I’m a bit rubbish about buying cards online.
I have to admit that, even when the occasion I am buying for involves those closest to me, I am apt to forget all about a card (and usually giftwrap too) until it’s time to actually write the thing.
At which point I find that I have absolutely nothing suitable in the house. And by which time it’s too late to order online.
But I am trying to improve. It is on my list. Along with sorting out my driving and painting the spare bedroom floor.
If I weren’t so rubbish, I would definitely have bought some cards from Jolijou by now.
Not that I imagine either lad or his dad (my primary card-recipients) would fully appreciate them.
But so much the better…
I might just get to keep them for my wall instead!
p.s. Check out Jolijou’s mugs too – they’re lovely!
p.p.s. The broken English descriptions of the goods in the shop are so sweet!
e.g. “These cards are much too good to be used as a map, make plugged also great eye-catcher on your wall, or on your wall if framed, dangling with a Clothespin on a leash, you will hopefully enjoy it”.
See what I mean?
Unusually for me, I came across Jane Ormes’ prints via facebook.
I immediately hopped over to her website… and promptly fell in love with her work.
Her ability to see life at a slant, together with her obvious love of pattern and texture and a certain childlike midcentury quality clinched it for me.
You can see – and buy – Jane’s prints here, or visit her Etsy shop.
But be warned, you may just fall in love…
Might be safer just to read her blog, or follow her on facebook or twitter.
The process of clearing your parents’ house is a long and sad one.
My partner’s dad’s home is at some distance from us, in Dorset. So, unlike when my own parents died, there is a lot of travel involved.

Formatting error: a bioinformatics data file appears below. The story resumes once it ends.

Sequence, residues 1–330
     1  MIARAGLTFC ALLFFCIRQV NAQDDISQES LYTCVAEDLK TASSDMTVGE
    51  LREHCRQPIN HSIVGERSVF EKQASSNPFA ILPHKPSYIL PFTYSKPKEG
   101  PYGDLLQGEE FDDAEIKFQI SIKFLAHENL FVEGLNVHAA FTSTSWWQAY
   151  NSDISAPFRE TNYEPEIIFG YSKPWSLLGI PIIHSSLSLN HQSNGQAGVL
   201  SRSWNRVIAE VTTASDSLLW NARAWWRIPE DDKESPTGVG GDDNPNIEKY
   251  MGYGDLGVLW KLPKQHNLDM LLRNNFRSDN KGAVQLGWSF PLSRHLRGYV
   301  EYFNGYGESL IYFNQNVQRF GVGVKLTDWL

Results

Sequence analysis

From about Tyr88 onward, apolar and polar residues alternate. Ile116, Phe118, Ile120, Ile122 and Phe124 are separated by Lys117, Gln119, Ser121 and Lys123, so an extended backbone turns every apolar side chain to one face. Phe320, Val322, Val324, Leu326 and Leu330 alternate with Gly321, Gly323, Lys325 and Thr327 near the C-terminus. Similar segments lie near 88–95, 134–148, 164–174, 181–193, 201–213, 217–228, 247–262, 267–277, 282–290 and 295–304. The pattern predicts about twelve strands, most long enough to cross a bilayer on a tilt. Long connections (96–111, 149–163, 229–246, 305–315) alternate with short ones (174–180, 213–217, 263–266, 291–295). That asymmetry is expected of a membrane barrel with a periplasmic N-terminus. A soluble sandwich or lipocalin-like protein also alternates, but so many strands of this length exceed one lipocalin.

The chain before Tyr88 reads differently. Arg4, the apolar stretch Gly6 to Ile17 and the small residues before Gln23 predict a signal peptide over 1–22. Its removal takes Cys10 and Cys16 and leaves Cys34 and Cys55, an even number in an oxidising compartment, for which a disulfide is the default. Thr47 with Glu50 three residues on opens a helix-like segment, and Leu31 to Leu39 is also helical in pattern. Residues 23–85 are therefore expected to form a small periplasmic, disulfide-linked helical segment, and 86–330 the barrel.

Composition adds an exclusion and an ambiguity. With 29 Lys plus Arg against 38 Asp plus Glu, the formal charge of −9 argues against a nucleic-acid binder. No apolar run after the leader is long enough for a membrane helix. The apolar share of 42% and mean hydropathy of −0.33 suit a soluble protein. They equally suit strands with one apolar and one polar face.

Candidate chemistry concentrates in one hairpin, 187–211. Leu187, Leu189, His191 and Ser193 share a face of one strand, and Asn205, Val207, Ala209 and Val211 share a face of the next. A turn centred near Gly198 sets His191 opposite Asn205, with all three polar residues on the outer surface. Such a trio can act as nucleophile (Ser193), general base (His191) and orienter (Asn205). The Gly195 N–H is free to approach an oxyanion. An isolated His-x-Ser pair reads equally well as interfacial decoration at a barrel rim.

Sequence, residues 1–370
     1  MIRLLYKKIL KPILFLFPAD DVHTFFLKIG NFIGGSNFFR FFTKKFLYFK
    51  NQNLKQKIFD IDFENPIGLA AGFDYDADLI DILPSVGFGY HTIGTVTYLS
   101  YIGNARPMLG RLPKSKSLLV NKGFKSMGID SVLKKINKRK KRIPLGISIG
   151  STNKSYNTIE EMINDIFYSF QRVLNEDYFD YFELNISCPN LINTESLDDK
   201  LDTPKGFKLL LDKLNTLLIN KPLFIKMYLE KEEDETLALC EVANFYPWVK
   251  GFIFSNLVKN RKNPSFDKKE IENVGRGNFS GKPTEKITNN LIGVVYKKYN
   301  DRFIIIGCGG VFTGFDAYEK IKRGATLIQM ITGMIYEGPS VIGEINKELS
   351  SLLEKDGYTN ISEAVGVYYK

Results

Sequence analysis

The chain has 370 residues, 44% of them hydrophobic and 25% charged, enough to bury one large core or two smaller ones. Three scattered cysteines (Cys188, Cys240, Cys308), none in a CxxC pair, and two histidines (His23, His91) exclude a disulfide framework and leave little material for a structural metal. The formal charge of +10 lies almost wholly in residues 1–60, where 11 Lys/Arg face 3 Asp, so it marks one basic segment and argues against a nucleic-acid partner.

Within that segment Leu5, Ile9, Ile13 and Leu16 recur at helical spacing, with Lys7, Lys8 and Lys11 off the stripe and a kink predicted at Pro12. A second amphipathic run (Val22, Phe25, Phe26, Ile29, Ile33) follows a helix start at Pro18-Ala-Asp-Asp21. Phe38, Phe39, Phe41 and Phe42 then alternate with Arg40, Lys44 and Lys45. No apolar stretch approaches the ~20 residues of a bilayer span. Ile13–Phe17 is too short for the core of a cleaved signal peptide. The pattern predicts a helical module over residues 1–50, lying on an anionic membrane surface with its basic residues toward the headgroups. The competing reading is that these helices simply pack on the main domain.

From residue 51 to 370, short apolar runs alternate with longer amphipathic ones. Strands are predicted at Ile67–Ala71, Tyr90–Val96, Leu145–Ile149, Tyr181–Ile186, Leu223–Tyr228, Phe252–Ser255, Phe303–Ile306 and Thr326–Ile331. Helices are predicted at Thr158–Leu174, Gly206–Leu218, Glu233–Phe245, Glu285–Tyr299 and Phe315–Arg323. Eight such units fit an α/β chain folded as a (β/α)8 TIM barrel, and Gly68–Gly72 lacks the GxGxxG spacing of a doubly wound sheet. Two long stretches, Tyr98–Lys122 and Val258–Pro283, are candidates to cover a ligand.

It is hard on everyone.
Some of the contents of the house are already finding their way back to us. Although tinged with sadness at the reason behind their arrival, they can also bring a smile.
Grandpa was hardly ever without a camera in his hand. And he liked nothing more than to film or photograph his grandchildren.
There was a set of pictures on Grandpa’s wall that I always coveted.
They were taken when Nanna and Grandpa stayed at our house to look after lad, whilst we were away celebrating my birthday. I mentioned them to my partner and he brought them back with him.
To honour their arrival and make them more at home, I decided to make a little fabric-based change to the orange pine frame in which they were housed.
So now we can all look at the pictures and remember lad when he was little, now that he isn’t so little any more.
And we’ll remember Grandpa, who took the pictures… and Nanna, also gone.
And we’ll remember all of the gifts they gave us.
Well, lad is back at school today. He seems fine.
My partner, less so. But, having lost both my own parents a few years ago, I know that over time, he will be.
I just wanted to say a big thank you to all of you that took time and trouble to send messages of sympathy.
They were very much appreciated.
This is me at the moment.
I have lots to be getting on with… A notebook full of ideas to refer to. A calendar of stalls to make for. Commissions to get started on. Leads to follow up.
But my motivation, so healthy in the sunshine of Australia, has shrivelled up and died in the cold and dark of winter back home.
It doesn’t help that I need a new bed. I awake each morning to a nagging and persistent pain in my back.
Or that my sewing room is cold and inhospitable. No matter how many layers of clothing I swaddle myself in.
Sorry to moan.
But I thought I should explain why there hasn’t been much in the way of crafty posts lately.
Perhaps I should just hibernate until spring.
By the way, the lovely prints pictured in this post are by the rather wonderful Sarah Abbott, an artist from Sheffield, which is not that far from me (just a bit further north). So I imagine she will know all about cold winters.
Her work can be bought from her Etsy shop Watersounds, and via Society 6.